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He went to jail for selling drugs at a strip club, but Tampa cops got the wrong guy

TAMPA — John Kural was driving to his job as a tattoo artist last year when he saw the flashing lights of a Hillsborough sheriff's deputy in his rearview mirror. When Kural pulled over on Bearss Avenue, the deputy asked if he knew why he was being stopped.

Kural figured it was because he wasn't wearing a seat belt.

"He said, 'No, you have a warrant for selling drugs to an undercover cop,' " Kural, 38, recalled. "I said, 'I think you have the wrong guy. Check your computer again because I never sold drugs to nobody.' "

But arrest warrants drawn up by Tampa Police said Kural had sold cocaine and marijuana to undercover officers while working as a bartender at the Risque Gentlemen's Club. Despite Kural's pleading, the deputy handcuffed him, impounded his Ford F-150 pickup and took him to jail, where he spent six days before posting bail.

It turns out Tampa Police did have the wrong guy. Kural had never stepped foot into the N Dale Mabry Highway strip club, much less worked there. Kural is now suing the city and four of its officers, claiming shoddy police work led to a wrongful arrest.

"It's just amazing to me that they didn't take more precautions before preparing an arrest warrant and pulling my guy over on his way to work," said Kural's attorney, Richard Bisconti.

Representatives for the city and the police department said Tuesday that the city does not comment on pending litigation.

The lawsuit, filed last month in Hillsborough County, offers an account of how the case unfolded.

In January 2016, Detective Joshua O'Nolan received a tip that the manager and co-owner was selling cocaine, amphetamine, heroin and marijuana in the club. O'Nolan started an investigation along with fellow detective Amy Evans and officers Juan Alvarez and John Nelson.

On the night of Jan. 25, Nelson bought $10 worth of marijuana from a bartender called "Jon Jon." O'Nolan did some research and somehow came up with Kural's name, according to the lawsuit.

Early the next morning , Alvarez, accompanied by Evans, bought four baggies containing a total of $100 worth of cocaine from the bartender. O'Nolan showed Kural's driver license photo to Alvarez, who identified him as the bartender, but O'Nolan didn't show the photo to Nelson or Evans, according to the complaint.

On Feb. 8, Alvarez and Evans went back to the club and the bartender invited Alvarez into the men's room to take a hit of cocaine. Alvarez pretended to do the hit and then gave the bartender $50 for two small baggies of the drug. Alvarez was wearing a hidden video camera and microphone that recorded the bathroom visit and the drug purchase.

The video clearly shows the face of the bartender who sold the marijuana and cocaine to Nelson and Alvarez, the lawsuit says.

"When one compares the video image of the bartender who sold drugs to the undercover officers to the (driver's license) photo of the plaintiff, their faces are distinctly different," Bisconti wrote in the complaint.

The lawsuit claims O'Nolan never compared the undercover video to Kural's driver license photo, or confirmed that Nelson, Evans and Alvarez compared the video to Kural's video.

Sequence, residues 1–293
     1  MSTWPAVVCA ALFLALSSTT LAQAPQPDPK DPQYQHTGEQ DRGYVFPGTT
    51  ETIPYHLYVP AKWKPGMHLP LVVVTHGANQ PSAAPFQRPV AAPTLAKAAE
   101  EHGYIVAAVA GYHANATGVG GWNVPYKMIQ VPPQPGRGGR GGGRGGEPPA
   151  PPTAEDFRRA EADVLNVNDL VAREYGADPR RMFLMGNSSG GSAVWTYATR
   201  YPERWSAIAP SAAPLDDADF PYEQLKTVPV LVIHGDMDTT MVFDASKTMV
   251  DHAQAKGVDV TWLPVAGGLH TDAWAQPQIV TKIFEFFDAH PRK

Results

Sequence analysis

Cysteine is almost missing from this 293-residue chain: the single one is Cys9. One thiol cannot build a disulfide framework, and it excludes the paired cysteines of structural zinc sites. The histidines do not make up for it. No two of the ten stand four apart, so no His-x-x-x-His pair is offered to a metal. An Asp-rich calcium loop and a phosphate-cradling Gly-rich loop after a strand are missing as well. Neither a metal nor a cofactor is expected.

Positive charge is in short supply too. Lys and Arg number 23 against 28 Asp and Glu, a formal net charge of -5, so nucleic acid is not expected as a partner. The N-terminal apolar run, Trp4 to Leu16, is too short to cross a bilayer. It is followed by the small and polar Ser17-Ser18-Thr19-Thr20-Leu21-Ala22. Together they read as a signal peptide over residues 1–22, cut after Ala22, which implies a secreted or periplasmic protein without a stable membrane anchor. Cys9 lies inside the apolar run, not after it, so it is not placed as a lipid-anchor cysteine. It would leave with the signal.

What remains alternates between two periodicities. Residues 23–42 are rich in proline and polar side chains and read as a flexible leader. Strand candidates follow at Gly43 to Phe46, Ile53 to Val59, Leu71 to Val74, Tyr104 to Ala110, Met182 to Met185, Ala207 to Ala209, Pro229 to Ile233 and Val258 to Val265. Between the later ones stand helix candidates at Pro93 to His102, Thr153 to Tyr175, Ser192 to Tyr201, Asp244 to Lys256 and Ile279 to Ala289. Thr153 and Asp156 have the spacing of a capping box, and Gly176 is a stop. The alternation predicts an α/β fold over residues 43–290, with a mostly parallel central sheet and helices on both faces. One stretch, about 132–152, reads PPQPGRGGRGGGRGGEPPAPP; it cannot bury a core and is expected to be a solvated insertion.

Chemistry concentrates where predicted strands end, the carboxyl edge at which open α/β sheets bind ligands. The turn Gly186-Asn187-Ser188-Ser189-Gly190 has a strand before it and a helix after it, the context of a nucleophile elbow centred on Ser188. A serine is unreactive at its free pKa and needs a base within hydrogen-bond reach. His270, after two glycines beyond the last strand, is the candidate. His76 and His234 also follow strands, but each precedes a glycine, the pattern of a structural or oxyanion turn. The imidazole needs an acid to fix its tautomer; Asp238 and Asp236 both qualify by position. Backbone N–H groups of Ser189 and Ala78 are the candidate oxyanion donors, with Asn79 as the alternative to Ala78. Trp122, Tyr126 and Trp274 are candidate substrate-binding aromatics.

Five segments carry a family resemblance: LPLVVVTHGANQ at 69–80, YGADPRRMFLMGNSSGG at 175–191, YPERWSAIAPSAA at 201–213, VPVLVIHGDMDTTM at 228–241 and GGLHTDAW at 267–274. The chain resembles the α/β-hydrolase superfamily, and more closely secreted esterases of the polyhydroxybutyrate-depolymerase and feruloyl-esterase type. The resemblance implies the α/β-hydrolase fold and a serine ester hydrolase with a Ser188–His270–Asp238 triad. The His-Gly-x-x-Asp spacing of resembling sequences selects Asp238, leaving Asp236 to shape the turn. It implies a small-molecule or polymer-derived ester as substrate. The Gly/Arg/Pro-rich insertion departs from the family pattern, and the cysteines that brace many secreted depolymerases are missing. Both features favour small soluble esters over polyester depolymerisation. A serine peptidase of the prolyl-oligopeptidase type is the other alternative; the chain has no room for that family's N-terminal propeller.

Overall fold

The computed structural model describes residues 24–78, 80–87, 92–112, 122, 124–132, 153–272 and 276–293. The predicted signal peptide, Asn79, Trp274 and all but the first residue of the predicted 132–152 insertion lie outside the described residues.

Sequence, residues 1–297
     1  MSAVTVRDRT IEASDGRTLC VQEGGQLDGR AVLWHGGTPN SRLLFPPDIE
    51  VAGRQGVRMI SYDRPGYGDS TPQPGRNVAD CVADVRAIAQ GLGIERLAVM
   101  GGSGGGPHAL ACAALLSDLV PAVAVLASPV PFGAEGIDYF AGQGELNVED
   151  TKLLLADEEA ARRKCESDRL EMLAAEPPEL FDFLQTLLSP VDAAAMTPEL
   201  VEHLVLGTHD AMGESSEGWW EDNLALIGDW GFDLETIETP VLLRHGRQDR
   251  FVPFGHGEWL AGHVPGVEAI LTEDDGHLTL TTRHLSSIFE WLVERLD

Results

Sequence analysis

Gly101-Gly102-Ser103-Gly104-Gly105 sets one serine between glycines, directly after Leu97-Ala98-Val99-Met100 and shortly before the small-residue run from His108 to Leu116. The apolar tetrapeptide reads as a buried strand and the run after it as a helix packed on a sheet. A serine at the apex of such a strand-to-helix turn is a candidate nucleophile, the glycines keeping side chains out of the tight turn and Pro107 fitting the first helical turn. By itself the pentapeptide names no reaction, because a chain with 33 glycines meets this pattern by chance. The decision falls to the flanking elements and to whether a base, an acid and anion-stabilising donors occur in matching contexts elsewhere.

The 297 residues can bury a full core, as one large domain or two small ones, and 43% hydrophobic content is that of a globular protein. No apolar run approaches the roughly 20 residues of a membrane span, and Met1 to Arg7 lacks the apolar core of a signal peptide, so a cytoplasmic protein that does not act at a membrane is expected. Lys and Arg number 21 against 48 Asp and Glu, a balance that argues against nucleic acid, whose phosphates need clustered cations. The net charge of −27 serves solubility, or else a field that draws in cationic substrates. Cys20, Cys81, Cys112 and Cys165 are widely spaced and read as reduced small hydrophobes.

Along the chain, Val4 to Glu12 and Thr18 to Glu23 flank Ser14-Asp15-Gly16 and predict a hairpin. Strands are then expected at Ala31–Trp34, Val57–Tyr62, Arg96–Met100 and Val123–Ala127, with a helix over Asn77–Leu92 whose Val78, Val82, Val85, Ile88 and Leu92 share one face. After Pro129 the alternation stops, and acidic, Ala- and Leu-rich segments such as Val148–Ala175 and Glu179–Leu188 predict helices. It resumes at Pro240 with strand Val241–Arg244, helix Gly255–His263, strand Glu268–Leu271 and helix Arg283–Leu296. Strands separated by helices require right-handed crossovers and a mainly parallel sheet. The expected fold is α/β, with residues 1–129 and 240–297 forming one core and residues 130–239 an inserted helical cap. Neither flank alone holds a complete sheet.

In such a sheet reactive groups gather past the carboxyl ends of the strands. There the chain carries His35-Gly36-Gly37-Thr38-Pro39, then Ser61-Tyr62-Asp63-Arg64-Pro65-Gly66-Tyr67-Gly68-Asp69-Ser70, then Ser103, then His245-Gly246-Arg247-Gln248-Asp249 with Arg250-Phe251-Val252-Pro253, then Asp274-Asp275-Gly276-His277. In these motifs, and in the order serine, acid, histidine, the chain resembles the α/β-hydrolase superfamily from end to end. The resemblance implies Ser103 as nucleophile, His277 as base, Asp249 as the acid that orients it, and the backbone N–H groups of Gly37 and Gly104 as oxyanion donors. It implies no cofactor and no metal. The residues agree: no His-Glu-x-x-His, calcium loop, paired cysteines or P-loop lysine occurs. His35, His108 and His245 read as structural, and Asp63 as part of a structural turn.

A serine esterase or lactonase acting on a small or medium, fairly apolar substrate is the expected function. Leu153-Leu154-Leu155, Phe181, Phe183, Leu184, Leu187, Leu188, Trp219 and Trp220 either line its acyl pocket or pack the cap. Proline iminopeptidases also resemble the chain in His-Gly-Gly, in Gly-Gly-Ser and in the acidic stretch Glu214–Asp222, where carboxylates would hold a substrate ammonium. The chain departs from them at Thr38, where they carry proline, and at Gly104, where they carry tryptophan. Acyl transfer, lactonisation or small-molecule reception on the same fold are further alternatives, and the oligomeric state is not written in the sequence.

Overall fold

Nine months later, on Nov. 25, O'Nolan prepared three arrest affidavits charging Kural with one count each of possession and delivery of marijuana; two counts of possession of cocaine; and two counts of delivery of cocaine within 1,000 feet of a church. In all, five felonies and a misdemeanor.

Kural was stopped by the sheriff's deputy on Dec. 14. As he worked in the county jail's kitchen making bologna sandwiches and grits and eggs for fellow inmates, Kural wondered if someone had framed him. He hadn't ever been to the Risque club, much less worked there.

"My mind was going a million miles a minute trying to figure it out," he said.

His defense attorney worked to get his bail lowered from about $20,000 to $7,000. He borrowed the money from his mother and was released six days before Christmas.

When he got home, he said, his fiancee and the mother of one of his three children didn't believe that the cops got the wrong guy. After eight years together, Kural said, she told him they were done and gave him about a week to move out.

Kural went to stay with a brother and later had to use his father's name to rent a place to live because of the felony charges hanging over his head, he said.

"Basically, my life went straight down to the bottom in six days," he said.

The Hillsborough State Attorney's Office dropped the case in May after a prosecutor compared the man in the undercover video to Kural's photo and concluded they were different people.

Kural's lawsuit seeks unspecified damages from the city. State law caps compensation for any one plaintiff in a civil claim to $200,000, Bisconti said.

The four employees listed in the lawsuit still work at the department, and none have been disciplined as a result of Kural's arrest, police spokesman Steve Hegarty said.

Wounded by her disbelief, Kural decided not to try to reconcile with his fiancee. He working to get the charges expunged from his record, but his jail mug shot still surfaces on the internet with a cursory search of his name.

Tampa police did wind up with plenty to show for their investigative efforts.

Two weeks before Kural's arrest, police raided the Risque Gentlemen's Club and arrested 10 people on charges ranging from drug possession to racketeering. The club's owner, Ioannis Pahoumis, was arrested the same day at his home in New Port Richey. The club closed and has not reopened.

Times senior news researcher Caryn Baird contributed to this report. Contact Tony Marrero at or (813) 226-3374. Follow @tmarrerotimes.